Israeli filmmaker Avi Nesher views himself as a psychiatrist for the State of Israel.
“Israel is completely overrun by the past,” he explained. “The Holocaust is part of everyday life. We seem to move forward as a country, but [the trauma] holds us back.”
In his films, Nesher openly explores Israel’s traumatic history with the goal of destigmatizing lasting feelings of guilt and anxiety. He calls the process “psychological treatment” for the nation.
His latest production, Past Life, continues the treatment plan.
The filmmaker wrote the screenplay as an adaption of Baruch Milch’s memoir, Can Heaven be Void? In the book, Milch recalls his time hiding in a Polish cellar, evading Nazi forces while losing his faith.
Milch’s daughters, played by Nelly Tagar and Joy Rieger in the film, are left to question their father’s past when a woman accuses him of murder. Doron Tavory and Evgenia Dodina round out the cast as Milch and his wife, Lusia, respectively.
The story spoke to Nesher because of his own ancestry. His parents were both Holocaust survivors, but their personal experiences remain a mystery to Nesher. He hoped to gain clarity through the film.
“I identified with the girls. [Making the film] showed me how little I knew about my parents’ lives. My mother is in her 90s, and this was the first time we had spoken about the war.”
Such silence is common in Israel, he said, perpetuating the cycle of trauma and grief.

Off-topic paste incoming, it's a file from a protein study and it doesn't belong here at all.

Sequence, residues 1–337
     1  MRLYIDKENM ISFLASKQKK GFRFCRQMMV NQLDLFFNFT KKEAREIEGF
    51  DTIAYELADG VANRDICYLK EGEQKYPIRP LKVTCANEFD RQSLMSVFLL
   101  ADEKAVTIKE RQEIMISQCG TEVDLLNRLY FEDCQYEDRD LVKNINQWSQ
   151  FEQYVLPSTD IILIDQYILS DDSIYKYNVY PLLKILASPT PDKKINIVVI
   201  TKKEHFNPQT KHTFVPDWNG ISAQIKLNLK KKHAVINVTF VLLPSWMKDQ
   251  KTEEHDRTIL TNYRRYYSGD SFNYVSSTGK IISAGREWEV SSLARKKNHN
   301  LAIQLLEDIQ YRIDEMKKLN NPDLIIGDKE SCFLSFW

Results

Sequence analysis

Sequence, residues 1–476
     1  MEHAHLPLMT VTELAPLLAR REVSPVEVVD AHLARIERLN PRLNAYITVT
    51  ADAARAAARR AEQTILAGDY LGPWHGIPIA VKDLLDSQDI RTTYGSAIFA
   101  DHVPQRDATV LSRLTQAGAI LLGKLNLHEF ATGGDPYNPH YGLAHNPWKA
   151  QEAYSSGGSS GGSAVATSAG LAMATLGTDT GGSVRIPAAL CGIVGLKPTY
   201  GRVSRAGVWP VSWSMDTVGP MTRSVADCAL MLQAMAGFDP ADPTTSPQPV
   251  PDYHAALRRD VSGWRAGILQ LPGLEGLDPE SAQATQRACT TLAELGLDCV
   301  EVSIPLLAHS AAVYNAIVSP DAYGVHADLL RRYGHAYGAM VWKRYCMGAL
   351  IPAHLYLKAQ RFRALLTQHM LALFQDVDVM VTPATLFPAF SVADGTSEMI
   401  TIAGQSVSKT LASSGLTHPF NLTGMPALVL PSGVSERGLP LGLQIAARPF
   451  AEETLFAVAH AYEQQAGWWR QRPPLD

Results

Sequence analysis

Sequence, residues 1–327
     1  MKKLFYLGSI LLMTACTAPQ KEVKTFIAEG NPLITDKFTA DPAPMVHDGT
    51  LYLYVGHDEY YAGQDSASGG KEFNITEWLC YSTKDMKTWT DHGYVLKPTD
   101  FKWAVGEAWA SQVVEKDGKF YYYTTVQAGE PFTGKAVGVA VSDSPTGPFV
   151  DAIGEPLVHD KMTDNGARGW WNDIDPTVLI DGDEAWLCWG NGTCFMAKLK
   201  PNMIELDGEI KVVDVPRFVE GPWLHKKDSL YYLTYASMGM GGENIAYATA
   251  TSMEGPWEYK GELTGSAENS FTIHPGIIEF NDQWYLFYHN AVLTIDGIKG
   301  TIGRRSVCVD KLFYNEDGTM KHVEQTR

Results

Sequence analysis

Spoken like a true psychiatrist, he added, “We need to deal with it or we will not move on.”
The response to the film has been positive, Nesher said. The movie opened in December in Israel to widespread acclaim.
“It was a huge success. I was completely shocked,” Nesher said, noting he was unsure if Israelis were ready to talk about the Holocaust. With a chuckle, he added, “It did better than La La Land.”
The critical success of Past Life was buoyed by its world premiere at the 2016 Toronto International Film Festival, Nesher’s fourth film to be selected to the prestigious event.
The Ritz at the Bourse hosts Philadelphia’s June 9 premiere.
With a plot that spans multiple continents, the film alternates languages between Hebrew, English, German and Polish. Shooting was done in both Israel and Poland.
Born in Ramat Gan, Israel, Nesher moved to the U.S. at age 12. He graduated high school at 16 and attended Columbia University before serving in a special forces division of the Israel Defense Forces.
In 1978, he produced his first film, The Band, an Israeli box office hit that encouraged a long line of films to follow. Most of his subsequent works are set in an Israel of the past, with common themes of the struggle of young Israelis to understand Judaism and make peace with their elders’ often terrifying life experiences.
Perhaps that real-life terror led Nesher to venture briefly into the horror film genre. His work there includes a stint directing 1993’s Doppleganger, with Drew Barrymore as the lead.
Nesher has returned to documenting the past, which he said is a requisite for improving the future.
He plans two sequels for Past Life, though based on differing narratives. The proposed trilogy will unravel the different facets of the past’s grip on the present. Nesher is now working on Valley of Ghosts, the next movie in the series.
He chose a monumental year in Israeli history for Past Life, 1977. Egyptian President An-war Sadat brokered peace with Israel that year despite decades of unrest. The theme echoes throughout, as the characters struggle to accept the past and embrace their present.
Nesher reiterated the practical implication of peace.
“We either have to choose justice or choose life.”
He said Egypt and Israel chose life in 1977. Yet in today’s Israeli-Palestinian conflict, “both sides are choosing justice.”
If it were up to Nesher? He had an answer quickly: “I choose life.”